In sum, the JWed.com identifications are a clear indication of the vibrant nature of “Carlebachian Judaism” as a distinct phenomenon that shapes the self-understanding of people who identify with the specific brand of Judaism promoted by Reb Shlomo and his followers. It is suggested to define this as “Neo-Hasidic Carlebachian Judaism”.
G. Carlebachian Neo-Hasidic Judaism
Neo-Hasidism has been defined as a “deliberate and conscious attempt to draw inspiration, tools and cultural capital from early Hasidic texts and practices in order to bring about a contemporary spiritual revival”. Reb Shlomo imported and explicated Hasidic traditions such as Breslav, Chabad, Modzitz, and Piacsezno, and presented Hasidic heritage in a way that would appeal to 20th century American Jewish sensitivities. Similar to Martin Buber and Elie Wiesel, he recast Hasidic stories by adding inspirational meanings palatable to the modern ear. Like Abraham Heschel, he presented teachings that spoke to the existentialist needs and spiritual thirst of a generation of Jewish baby boomers. But, unlike Buber and Heschel, Reb Shlomo’s teachings did not become part of an academic curriculum of 20th century Jewish philosophy. His teachings were often spontaneous and primarily experiential. Reb Shlomo’s goal was to reveal the “Fragrance of the Tree of Life” and thus compensate for the “Dryness of the Tree of Knowledge”. He explained his didactic rationale as a method of aiming directly at the heart, and justified this by distinguishing two paradigms in the Biblical Garden of Eden, the Tree of Life as opposed to the Tree of Knowledge. The latter has information which enters the head but not the heart and soul. Contrastingly, “Tree of Life Torahs” transform a person’s life and communicate a longing for Godliness and an understanding of holiness. By listening to these stories, a person can empathize with the love and devotion that the tsaddik < = righteous> role model had attained. Reb Shlomo’s purpose is to create a live musical and sensual experience and to feel how we can use this to fix the world.
Reb Shlomo redesigned Hasidic modes of celebration such as the farbrengen. An event was not called a concert or party but a farbrengen, to imply congenial Hasidic camaraderie with inspirational songs, joyous dancing, and meaningful stories. Shlomo often inserted Yiddish expressions. His favorites, such as “mamash,” “gevalt,” “heilige,” and “nebech”, became part and parcel of the modern Carlebachian mode of speech and a linguistic part of a nostalgic Neo-Hasidic identity.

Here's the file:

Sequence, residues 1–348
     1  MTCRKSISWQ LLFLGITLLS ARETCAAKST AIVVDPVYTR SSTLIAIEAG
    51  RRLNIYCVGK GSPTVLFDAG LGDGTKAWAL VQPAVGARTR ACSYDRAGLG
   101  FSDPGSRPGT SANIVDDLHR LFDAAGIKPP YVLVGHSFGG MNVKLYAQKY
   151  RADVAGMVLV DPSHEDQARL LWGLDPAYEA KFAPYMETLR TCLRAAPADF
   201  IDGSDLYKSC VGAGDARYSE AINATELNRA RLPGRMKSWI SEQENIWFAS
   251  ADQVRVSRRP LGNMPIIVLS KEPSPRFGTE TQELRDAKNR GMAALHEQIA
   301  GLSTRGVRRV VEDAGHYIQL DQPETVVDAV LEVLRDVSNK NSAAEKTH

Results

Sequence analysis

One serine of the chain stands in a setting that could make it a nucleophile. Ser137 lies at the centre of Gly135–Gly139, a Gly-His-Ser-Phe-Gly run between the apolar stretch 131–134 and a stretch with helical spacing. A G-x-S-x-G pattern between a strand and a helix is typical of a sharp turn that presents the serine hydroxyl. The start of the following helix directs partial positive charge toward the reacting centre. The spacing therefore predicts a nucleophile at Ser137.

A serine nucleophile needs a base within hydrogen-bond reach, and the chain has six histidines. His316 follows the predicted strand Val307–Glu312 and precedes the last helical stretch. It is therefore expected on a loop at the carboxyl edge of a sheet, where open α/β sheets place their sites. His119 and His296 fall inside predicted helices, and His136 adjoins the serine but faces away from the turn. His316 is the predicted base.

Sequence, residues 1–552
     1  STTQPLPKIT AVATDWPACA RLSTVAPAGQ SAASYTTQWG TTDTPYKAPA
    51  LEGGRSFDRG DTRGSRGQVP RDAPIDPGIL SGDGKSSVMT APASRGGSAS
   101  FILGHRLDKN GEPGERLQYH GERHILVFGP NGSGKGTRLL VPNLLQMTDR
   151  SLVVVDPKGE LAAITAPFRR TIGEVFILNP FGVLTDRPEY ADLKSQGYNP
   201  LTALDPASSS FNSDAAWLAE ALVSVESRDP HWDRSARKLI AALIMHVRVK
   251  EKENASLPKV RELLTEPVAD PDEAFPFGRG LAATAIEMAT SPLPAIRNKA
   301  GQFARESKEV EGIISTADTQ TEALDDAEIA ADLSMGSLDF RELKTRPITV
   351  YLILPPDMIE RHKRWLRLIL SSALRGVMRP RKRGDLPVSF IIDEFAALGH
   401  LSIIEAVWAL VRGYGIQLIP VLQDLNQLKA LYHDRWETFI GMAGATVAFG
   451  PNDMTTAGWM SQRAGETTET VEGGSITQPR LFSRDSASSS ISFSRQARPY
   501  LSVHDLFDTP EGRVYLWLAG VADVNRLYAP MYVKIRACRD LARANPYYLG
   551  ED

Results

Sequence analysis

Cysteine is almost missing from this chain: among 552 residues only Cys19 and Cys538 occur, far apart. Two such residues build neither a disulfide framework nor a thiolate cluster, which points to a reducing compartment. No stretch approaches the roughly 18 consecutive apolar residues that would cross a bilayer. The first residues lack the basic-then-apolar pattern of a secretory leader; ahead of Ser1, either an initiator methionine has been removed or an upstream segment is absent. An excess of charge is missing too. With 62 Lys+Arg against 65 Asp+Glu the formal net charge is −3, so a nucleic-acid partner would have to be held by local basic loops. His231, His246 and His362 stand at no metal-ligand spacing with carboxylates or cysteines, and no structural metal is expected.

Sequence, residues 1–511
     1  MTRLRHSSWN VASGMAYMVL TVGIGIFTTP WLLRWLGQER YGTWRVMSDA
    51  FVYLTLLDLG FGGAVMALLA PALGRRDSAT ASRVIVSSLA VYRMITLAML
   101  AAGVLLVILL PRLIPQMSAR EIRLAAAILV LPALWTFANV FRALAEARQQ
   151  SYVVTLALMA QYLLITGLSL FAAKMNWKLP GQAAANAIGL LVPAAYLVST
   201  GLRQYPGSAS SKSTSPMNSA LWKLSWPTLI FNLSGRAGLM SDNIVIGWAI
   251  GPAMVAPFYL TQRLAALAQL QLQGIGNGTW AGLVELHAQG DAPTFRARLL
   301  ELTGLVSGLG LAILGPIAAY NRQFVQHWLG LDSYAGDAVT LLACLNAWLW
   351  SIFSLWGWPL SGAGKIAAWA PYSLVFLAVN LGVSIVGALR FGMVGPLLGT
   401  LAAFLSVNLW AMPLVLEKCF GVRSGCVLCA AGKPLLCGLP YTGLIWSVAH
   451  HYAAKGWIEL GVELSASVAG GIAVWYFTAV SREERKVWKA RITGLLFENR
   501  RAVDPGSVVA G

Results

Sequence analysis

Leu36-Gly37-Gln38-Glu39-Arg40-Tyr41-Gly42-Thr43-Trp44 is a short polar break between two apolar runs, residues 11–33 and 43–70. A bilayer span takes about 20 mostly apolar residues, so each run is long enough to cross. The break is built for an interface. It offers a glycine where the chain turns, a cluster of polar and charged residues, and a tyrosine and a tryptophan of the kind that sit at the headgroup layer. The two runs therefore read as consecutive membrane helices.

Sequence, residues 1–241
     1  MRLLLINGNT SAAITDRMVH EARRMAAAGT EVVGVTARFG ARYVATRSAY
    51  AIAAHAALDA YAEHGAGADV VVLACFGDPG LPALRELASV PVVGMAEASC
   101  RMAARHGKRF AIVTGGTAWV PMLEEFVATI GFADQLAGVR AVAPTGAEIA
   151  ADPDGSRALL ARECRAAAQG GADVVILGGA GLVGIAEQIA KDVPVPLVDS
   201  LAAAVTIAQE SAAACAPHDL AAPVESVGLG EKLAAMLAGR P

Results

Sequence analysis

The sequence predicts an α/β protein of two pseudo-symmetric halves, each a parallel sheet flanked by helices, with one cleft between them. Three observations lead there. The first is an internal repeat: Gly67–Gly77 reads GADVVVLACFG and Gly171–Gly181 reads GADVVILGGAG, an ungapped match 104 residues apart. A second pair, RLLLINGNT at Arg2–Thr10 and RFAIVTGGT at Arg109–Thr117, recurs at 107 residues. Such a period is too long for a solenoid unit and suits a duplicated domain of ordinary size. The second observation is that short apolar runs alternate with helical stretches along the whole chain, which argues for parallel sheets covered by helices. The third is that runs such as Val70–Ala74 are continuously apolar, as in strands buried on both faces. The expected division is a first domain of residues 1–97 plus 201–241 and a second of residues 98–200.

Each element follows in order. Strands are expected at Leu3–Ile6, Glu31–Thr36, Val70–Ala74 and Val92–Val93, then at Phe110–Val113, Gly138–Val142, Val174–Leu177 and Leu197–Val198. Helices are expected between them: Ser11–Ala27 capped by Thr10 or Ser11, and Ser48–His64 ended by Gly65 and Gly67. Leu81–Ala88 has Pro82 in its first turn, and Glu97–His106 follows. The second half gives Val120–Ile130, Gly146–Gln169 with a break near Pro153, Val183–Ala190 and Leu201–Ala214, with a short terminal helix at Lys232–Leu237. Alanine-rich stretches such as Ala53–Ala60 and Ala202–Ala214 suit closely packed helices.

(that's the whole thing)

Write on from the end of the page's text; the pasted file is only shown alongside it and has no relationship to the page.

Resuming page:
Prof. Shaul Magid notes that Reb Shlomo created a Neo-Hasidism that could be accepted in all Jewish denominations because it did “not demand any reordering of fundamental principles”. Magid defines Reb Shlomo’s Neo-Hasidic innovation as combining “Hasidism’s rebellious inner voice” with American counter-culture in such a way that it becomes “the substance of his new American Jewish piety”:
In many ways he was also an outsider to Hasidism but somehow absorbed its spirit as if he had been raised in its bosom. This homelessness enabled him to construct a new spiritual home in which at least two generations of Jews have found a comforting, and comfortable, residence. He contributed to the building of a post-denominational Judaism liberated from the confines of ideology and religious institutions.
The use of the term “Neo-Hasidic” for Reb Shlomo also implies a relationship to the 18th century founder of Hasidism, the Baal Shem Tov. On the jacket album of Reb Shlomo’s fourth record in 1965, In the Palace of the King, Sophia Adler compared Reb Shlomo to the “heroic figure of the Baal Shem Tov” in that he offers “a Hassidic spark of divine fire to melt estrangement and soul weariness”. Three decades later, in an Austrian TV production in February 1994, Rabbi Carlebach actually played the star role as the Baal Shem Tov, and his daughter Neshama was cast as Edel (Hodol), the daughter of the Baal Shem Tov. The telecaster explained to his German speaking audience that the Baal Shem and Reb Shlomo had in common that “they both create joy in the world and joy about God”.